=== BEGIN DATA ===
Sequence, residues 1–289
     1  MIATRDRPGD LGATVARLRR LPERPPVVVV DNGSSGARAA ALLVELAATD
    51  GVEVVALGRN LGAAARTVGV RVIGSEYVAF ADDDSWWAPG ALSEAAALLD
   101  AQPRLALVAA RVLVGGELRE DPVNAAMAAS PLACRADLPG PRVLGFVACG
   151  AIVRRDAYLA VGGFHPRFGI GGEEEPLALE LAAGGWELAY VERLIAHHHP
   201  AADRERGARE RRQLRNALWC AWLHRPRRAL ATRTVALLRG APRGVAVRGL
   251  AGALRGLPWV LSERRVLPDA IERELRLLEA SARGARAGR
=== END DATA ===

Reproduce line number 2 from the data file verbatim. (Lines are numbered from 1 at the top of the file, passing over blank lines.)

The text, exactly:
     1  MIATRDRPGD LGATVARLRR LPERPPVVVV DNGSSGARAA ALLVELAATD